-- That's the Twitter hashtag for writers wishing to chronicle their
cumulative daily word count. It's not surprising such a hashtag exists.
After all, setting a daily word count has become one of those near
non-negotiable writing rules. Usually, that number is 1,000 words, give
or take, with an appropriate "off day" here or there. Thanks to
"professionals," seminars, and how-to books, the Daily Word Count has
become etched in stone, so to speak, as a necessary writerly discipline.
It's led to all kinds of "helpful" tools, like free apps to track your daily word count, tips for achieving your daily word count, and even ways to DOUBLE your word count. Hooray!
Confession: I've never adhered to a daily word count for myself. Despite this, I've managed to complete three full-length novels (one as-yet unpublished), a short story anthology, and a novella. Not to mention publish well-over 1,100 blog articles. All while working outside the home 40 hours a week.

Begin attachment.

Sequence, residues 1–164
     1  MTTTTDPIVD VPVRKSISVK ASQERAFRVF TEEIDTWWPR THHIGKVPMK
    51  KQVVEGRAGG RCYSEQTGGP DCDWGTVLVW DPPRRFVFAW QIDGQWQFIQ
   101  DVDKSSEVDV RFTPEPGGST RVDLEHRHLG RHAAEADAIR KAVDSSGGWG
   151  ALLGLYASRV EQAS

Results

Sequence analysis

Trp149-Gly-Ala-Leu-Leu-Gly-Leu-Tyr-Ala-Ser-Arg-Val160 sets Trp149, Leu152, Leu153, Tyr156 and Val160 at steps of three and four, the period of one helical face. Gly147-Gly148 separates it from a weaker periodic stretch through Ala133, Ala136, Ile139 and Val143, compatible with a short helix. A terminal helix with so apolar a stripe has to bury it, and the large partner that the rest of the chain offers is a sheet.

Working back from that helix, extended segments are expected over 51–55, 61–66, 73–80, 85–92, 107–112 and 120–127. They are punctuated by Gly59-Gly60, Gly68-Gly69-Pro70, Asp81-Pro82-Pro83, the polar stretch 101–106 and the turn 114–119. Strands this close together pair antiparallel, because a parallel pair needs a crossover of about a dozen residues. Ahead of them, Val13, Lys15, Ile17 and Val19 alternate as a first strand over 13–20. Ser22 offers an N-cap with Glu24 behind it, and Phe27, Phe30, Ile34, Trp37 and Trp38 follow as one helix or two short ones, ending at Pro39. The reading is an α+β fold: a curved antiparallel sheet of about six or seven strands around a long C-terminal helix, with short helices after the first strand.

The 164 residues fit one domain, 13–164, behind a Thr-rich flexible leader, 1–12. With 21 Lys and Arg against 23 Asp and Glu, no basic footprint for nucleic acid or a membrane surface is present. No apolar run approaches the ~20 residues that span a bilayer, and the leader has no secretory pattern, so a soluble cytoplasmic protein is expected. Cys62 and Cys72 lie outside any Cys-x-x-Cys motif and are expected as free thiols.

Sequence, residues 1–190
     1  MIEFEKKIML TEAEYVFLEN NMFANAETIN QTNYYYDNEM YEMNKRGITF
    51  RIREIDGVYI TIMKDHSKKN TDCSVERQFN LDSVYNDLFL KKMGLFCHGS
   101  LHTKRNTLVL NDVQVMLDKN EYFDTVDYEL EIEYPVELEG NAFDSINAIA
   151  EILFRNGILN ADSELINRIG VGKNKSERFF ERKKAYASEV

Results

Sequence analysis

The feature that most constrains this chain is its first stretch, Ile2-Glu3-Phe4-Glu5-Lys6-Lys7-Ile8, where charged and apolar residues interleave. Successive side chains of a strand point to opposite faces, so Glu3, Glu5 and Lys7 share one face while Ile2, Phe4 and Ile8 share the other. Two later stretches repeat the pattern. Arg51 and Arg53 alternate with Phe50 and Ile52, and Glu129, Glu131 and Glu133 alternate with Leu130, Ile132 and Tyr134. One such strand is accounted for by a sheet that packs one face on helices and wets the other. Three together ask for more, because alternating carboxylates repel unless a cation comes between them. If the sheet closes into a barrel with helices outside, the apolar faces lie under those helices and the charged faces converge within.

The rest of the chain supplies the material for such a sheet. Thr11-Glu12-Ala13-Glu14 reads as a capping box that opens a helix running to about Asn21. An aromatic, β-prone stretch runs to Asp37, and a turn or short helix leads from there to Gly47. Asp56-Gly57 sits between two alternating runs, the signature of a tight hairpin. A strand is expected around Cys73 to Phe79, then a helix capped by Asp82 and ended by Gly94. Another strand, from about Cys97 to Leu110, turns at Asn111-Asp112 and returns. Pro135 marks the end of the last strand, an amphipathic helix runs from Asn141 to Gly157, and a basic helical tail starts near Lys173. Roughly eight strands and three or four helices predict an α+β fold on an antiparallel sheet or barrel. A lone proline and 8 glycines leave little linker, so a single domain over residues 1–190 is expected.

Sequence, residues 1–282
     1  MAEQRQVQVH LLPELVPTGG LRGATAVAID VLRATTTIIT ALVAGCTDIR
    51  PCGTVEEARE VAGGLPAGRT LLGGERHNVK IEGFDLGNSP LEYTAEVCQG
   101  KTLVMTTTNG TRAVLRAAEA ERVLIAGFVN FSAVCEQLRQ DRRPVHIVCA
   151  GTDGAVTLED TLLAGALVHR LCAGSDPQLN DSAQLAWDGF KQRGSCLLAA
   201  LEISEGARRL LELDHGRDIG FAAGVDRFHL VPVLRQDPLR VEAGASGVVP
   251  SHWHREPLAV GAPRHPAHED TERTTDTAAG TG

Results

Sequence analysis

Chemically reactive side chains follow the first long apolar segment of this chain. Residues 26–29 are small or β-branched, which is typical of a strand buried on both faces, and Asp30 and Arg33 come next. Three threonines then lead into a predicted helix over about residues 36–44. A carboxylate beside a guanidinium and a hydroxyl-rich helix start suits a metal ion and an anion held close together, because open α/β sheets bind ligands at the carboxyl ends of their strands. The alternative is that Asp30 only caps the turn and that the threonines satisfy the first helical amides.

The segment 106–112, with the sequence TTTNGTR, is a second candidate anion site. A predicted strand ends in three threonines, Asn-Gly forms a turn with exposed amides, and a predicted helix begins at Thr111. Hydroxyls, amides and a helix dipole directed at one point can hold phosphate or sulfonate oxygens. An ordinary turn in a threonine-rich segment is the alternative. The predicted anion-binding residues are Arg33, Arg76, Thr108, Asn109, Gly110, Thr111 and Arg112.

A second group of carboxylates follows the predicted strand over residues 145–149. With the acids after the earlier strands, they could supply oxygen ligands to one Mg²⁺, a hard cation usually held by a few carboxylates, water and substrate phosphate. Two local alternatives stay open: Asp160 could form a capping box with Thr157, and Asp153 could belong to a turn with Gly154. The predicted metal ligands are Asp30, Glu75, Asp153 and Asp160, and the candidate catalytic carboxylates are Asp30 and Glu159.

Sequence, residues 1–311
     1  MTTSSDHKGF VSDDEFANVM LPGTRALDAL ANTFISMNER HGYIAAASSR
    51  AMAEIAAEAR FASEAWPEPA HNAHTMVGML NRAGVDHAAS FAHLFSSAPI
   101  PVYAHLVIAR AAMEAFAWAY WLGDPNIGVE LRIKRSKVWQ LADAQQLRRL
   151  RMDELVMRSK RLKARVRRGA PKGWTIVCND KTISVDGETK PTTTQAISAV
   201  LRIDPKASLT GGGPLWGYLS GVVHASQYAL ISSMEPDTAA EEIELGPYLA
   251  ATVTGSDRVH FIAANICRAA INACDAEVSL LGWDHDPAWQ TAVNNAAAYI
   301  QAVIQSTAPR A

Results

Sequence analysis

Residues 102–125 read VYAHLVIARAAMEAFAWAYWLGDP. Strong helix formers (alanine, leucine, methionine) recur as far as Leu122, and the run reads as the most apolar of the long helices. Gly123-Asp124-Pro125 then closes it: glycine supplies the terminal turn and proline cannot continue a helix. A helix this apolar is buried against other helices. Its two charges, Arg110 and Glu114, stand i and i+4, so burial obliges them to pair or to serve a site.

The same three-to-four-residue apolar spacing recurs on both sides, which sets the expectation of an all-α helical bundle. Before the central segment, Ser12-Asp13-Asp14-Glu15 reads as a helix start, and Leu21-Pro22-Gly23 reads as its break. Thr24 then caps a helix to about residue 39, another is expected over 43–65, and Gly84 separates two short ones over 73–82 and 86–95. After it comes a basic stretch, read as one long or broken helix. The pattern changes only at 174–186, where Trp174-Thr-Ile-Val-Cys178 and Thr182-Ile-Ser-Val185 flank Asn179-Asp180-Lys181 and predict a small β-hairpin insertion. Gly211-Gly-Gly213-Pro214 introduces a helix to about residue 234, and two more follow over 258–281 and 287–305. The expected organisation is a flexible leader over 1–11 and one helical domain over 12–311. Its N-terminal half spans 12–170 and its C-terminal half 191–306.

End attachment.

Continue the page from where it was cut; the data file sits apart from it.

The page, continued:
Of course, this may be evidence that I'm OCD. However, I'd like to think it just exposes the squishiness of the daily word count advice.
This is not to suggest that setting yourself a goal and working to achieve it is wrong. At its essence, this is what the Daily Word Count is supposed to do -- prod you toward completion. Which is good. But like any "rule," it can become a shadow of the original intent and shackle writers to the "letter of the law" rather than the "spirit of the law." Not to mention, it doesn't always respect or incorporate the uniqueness of our individual personalities and stations in life.
Here's three things I've used to replace the Daily Word Count mantra in my reperatoire, which have made my writing more fluid and fun.
As Pablo Picasso said, “Inspiration exists, but it has to find you working.” The bottom line issue is that writers write. You MUST get words on a page, inspiration must find you working, whether it's by following a daily word count or ad-libbing. If adhering to a daily word count is not working for you, you might consider stepping back from your writing. Maybe it's time to look at the bigger picture, readjust to your station in life, or simply give yourself the freedom to hone the story as opposed to bulking it up.